No one should accept this sort of behavior from any candidate affiliated with any political party. Our democratic process has collapsed into a scheme that seeks only to manipulate and trick voters by inundating them with misleading spin and outright lies. The more money you have, the more and cleverer propaganda you can churn out via mailers, print ads and commercials. The higher the office, the more this costs. That’s why our leaders spend the vast majority of their time raising fundraising.

Is it any wonder that nothing ever gets done for the average working stiff?

The big bucks rule in today’s America. And those who believe that’s a good thing — that after 30 years of failure, trickle-down is magically going to help the poor and middle-class lift themselves up by their bootstraps and join the country club — are living proof of how effective mass messaging has become. Once they’re sufficiently propagandized, people will stop believing their own lying eyes.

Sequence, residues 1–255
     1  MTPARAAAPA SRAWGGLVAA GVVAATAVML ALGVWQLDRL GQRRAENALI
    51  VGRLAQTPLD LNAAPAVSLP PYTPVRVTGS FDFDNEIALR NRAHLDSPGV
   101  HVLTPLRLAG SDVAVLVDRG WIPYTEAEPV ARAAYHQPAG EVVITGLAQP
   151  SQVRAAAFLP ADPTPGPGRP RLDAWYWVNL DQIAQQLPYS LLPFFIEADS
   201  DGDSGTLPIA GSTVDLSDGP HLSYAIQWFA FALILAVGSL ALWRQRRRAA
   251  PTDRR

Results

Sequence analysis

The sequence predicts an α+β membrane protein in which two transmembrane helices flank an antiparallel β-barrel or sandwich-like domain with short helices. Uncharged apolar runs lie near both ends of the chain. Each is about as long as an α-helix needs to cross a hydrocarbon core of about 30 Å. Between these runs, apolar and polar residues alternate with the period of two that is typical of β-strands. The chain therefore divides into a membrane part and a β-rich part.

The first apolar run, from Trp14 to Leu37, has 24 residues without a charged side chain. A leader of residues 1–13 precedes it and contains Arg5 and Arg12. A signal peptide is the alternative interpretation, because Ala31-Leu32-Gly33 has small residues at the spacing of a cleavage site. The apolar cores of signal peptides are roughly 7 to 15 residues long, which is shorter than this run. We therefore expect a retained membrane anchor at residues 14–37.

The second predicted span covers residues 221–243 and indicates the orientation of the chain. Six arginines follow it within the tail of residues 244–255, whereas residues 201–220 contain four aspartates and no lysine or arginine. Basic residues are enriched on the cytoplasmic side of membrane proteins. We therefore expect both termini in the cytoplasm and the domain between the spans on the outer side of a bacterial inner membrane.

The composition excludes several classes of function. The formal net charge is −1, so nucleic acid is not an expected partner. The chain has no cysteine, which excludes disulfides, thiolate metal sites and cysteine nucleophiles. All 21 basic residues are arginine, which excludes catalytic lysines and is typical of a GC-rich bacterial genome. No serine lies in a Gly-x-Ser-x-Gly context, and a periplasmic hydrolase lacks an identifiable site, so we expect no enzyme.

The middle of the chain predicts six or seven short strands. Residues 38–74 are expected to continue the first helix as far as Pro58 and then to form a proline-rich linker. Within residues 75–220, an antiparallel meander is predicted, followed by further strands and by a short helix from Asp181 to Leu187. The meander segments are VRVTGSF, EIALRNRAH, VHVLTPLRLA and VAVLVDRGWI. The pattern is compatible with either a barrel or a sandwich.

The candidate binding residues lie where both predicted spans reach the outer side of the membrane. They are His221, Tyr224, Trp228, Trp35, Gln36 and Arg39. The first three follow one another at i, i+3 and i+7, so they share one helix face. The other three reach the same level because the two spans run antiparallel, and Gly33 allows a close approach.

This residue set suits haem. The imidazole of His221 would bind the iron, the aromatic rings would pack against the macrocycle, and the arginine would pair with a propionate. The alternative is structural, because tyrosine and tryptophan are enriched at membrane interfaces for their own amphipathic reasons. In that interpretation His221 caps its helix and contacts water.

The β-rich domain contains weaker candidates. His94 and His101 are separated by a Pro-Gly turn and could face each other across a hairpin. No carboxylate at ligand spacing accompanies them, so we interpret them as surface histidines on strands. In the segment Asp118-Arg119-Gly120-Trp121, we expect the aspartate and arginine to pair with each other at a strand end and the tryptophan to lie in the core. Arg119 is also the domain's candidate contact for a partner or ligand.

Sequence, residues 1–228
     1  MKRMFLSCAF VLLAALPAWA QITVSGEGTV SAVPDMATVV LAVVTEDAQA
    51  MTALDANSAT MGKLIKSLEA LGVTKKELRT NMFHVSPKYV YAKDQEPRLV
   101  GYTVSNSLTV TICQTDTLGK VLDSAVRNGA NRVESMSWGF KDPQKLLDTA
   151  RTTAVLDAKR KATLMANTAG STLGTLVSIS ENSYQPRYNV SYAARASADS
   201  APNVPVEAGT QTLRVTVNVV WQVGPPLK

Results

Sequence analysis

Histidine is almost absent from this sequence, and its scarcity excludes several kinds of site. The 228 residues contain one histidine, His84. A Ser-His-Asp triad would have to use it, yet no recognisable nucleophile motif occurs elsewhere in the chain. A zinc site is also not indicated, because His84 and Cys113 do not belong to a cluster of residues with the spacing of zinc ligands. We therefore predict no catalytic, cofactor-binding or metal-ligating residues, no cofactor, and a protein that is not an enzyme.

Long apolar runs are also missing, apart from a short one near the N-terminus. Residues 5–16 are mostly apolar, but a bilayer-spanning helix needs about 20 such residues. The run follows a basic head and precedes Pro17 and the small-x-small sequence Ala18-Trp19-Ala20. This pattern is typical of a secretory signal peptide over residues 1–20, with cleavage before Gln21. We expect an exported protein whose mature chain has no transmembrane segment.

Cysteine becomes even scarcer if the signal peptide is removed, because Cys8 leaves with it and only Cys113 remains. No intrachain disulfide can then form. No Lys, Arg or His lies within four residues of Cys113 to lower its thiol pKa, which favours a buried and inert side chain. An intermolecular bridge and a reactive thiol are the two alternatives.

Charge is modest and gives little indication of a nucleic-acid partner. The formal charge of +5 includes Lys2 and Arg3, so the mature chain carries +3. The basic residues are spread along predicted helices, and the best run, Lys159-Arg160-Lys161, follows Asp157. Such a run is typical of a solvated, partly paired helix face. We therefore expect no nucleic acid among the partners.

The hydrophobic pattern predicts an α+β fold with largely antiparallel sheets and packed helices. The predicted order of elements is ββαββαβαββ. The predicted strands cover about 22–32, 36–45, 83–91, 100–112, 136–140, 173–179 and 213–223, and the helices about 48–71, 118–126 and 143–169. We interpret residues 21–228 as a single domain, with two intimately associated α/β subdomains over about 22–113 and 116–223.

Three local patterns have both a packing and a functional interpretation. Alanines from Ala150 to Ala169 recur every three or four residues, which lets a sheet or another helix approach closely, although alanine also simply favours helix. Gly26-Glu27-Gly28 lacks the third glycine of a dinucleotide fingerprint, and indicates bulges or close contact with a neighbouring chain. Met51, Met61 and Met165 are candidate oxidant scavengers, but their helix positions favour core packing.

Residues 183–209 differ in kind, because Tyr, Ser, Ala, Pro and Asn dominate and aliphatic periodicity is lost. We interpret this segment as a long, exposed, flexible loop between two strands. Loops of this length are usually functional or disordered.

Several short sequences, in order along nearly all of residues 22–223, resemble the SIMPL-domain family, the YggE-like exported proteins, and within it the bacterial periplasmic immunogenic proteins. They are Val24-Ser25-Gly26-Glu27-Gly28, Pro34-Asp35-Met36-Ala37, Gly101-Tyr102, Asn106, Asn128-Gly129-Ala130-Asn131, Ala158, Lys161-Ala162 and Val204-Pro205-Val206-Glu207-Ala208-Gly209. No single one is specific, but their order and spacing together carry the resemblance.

There’s only one way out of this tragic ending to the great American experiment in government: a constitutional amendment that overturns Citizens United.

Can it happen? That seems to depend on how much the people against Citizens United can raise versus how much the mega-corporations who are for it can raise.

How much are you in for?

It’s a jungle out there for animals in campaign ads

It’s a jungle out there in political television advertising, what with parrots, chicks, dogs and pigs taking turns in commercials that bite and scratch in a way no nonpartisan pet ever would.

“You can keep it,” squawked a parrot in a Club for Growth Action ad that ran earlier in the year in Arkansas. It was meant to ridicule President Barack Obama and Sen. Mark Pryor’s now-abandoned claims that state residents could keep their health insurance if they liked it.